Compiled by Stephen Bach, CNN Washington Bureau
Making news today...
* On CNN's "Larry King Live," Vice President Dick Cheney backed Attorney General Alberto Gonzales, saying "Al's a good man, a good friend, on a difficult assignment." He also "dismissed congressional investigations into the firings of nine U.S. attorneys as 'a bit of a witch hunt.'"
* "One day after FBI and Internal Revenue Service agents spent 10 hours searching his Alaska home, Sen. Ted Stevens (R) found little comfort Tuesday in the Capitol, where he spent much of the day being chased by reporters and received a decidedly cool reception from the bulk of his colleagues." (Roll Call)
Showing a great example of the game of cat and mouse often played by lawmakers and journalists, CNN's Ted Barrett and Dana Bash split up to catch the seven-term senator.
Did they succeed? Check out the full story on The Ticker.
* The latest NBC News/Wall Street Journal poll has Sen. Hillary Clinton (D-NY) leading Sen. Barack Obama (D-IL), 43%-22%. John Edwards comes in third with 13%.
In a head-to-head matchup, Clinton leads Rudy Giuliani, 47%-41%. In a three-way race with NYC Mayor Michael Bloomberg, Clinton leads Giuliani 42%-34%, with 11% opting for Bloomberg. ("Today")
* "'Anxious Xers' and 'angry independents' may replace 'soccer moms' as the object of desire for presidential candidates in 2008." (Bloomberg)
* And why is Sam Brownback demanding an apology from Mike Huckabee for a supporter's "prejudiced whisper campaign" about the Kansas senator's religion? Find out in Hot Topics below!
* The president had a 7 am ET breakfast with the bicameral bipartisan leadership at the White House.
Also on the Political Radar:
* Former Defense Secretary Donald Rumsfeld, former JCS Chairman Richard Myers, and former CentCom Commander John Abizaid testify at a 10 am ET House Oversight and Government Reform committee hearing on the death of U.S. Army Corporal Patrick Tillman.
* Sen. Barack Obama (D-IL) gives a major address on the fight against terrorism, "The War We Need to Win," at the Woodrow Wilson International Center for Scholars in the Ronald Reagan Building and International Trade Center.
From advanced excerpts of Obama's remarks:
"Because of a war in Iraq that should never have been authorized and should never have been waged, we are now less safe than we were before 9/11."
"When I am President, we will wage the war that has to be won, with a comprehensive strategy with five elements: getting out of Iraq and on to the right battlefield in Afghanistan and Pakistan; developing the capabilities and partnerships we need to take out the terrorists and the world's most deadly weapons; engaging the world to dry up support for terror and extremism; restoring our values; and securing a more resilient homeland."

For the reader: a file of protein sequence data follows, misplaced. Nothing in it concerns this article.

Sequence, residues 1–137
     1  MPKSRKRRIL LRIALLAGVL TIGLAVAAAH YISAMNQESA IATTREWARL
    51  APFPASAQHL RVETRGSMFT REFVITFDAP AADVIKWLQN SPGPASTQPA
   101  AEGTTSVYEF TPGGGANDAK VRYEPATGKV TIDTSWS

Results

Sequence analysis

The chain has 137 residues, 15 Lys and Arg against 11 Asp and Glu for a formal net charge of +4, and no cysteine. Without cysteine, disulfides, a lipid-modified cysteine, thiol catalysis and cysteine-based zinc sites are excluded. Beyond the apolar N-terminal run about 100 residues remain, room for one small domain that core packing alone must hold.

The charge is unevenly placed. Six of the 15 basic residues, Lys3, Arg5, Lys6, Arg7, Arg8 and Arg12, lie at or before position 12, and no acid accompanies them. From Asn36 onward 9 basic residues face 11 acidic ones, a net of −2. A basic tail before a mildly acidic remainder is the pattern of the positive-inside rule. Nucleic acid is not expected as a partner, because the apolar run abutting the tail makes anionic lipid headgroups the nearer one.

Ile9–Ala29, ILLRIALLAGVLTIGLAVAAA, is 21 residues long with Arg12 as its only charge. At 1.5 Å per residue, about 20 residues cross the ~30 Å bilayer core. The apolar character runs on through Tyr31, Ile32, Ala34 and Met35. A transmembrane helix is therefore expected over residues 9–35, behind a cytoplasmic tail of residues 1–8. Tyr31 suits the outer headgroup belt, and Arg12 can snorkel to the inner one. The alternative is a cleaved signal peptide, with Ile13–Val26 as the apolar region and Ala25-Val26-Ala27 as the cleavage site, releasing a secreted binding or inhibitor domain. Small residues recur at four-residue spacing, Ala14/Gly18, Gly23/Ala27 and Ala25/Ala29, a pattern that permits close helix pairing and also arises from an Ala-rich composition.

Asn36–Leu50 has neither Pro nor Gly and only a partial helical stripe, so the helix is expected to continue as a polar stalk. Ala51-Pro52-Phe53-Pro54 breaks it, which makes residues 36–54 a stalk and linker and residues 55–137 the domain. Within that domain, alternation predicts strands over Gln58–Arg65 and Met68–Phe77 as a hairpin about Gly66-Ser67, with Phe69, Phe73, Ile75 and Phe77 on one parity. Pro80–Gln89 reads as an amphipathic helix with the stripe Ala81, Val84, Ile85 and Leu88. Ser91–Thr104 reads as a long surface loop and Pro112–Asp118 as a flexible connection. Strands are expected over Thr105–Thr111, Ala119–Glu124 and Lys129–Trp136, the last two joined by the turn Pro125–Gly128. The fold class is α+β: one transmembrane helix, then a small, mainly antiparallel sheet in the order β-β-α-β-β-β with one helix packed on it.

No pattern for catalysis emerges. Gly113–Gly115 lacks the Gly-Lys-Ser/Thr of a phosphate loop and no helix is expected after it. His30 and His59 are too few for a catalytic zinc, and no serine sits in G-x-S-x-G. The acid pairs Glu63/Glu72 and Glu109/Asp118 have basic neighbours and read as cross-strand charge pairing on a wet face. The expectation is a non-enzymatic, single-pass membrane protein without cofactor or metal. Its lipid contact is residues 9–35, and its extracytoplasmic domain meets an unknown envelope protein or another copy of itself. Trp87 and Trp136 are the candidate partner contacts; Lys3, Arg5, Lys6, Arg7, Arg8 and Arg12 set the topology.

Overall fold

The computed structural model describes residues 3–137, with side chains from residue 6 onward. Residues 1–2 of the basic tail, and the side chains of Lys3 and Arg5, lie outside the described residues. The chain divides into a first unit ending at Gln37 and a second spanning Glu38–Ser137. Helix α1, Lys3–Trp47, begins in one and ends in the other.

* John Edwards participates in the Silicon Valley Leadership Group's "Road to the White House" Speaker Series at 1:15 pm ET at SVB Financial Group in Santa Clara, CA. Later Edwards holds a "Small Change for Big Change" event at Temple Nightclub in San Francisco.
* Mitt Romney hosts an 8:45 am ET meet and greet at Chunky's Cinema Pub in Pelham, NH. At 10:15 am ET, Romney tours Milford's Cirtronics and meets with employees. He later meets with residents at Moulton's Market in Amherst (11:45 am ET) and the Red Arrow Diner in Manchester (4:15 pm ET).
* CNN'S Anderson Cooper appears on "The Tonight Show with Jay Leno."
* The Senate Radio-Television Correspondents' Gallery Daybook
* The House Radio-Television Correspondents' Gallery Daybook
Political Hot Topics
(Today's top political stories from news organizations across the country)
CBO SAYS WAR COULD COST $1 TRILLION: The war in Iraq could ultimately cost well over a trillion dollars - at least double what has already been spent - including the long-term costs of replacing damaged equipment, caring for wounded troops, and aiding the Iraqi government, according to a new government analysis. The United States has already allocated more than $500 billion on the day-to-day combat operations of what are now 190,000 troops and a variety of reconstruction efforts. In a report to lawmakers yesterday, the nonpartisan Congressional Budget Office estimated that even under the rosiest scenario - an immediate and substantial reduction of troops - American taxpayers will feel the financial consequences of the war for at least a decade. Boston Globe: Analysis says war could cost $1 trillion
76 SENATORS SAY THEY'VE BEEN TO IRAQ: At least 76 senators have visited Iraq in the four years of combat, including 38 who have made the trip in the last 12 months, according to a survey by The Hill. But at least 18 senators have not traveled there at all. As debate over the war reaches a tipping point in Washington, visiting Iraq has become a rite of passage for many lawmakers looking to bolster their credibility on national security. Many lawmakers feel that making a trip is important for their credibility when they are asked to weigh in on the war. As a recent case in point, Sen. Lindsey Graham (R-S.C.) alluded to his Iraq travel when he challenged Sen. Jim Webb (D-Va.) in a July 15 debate on NBC's "Meet the Press." Graham, who has gone to Iraq seven times, took Webb to task after the freshman senator said that less than half of the military believes that the U.S. should be in Iraq. The Hill: 'Have you been to Iraq?' — 76 sens. say they have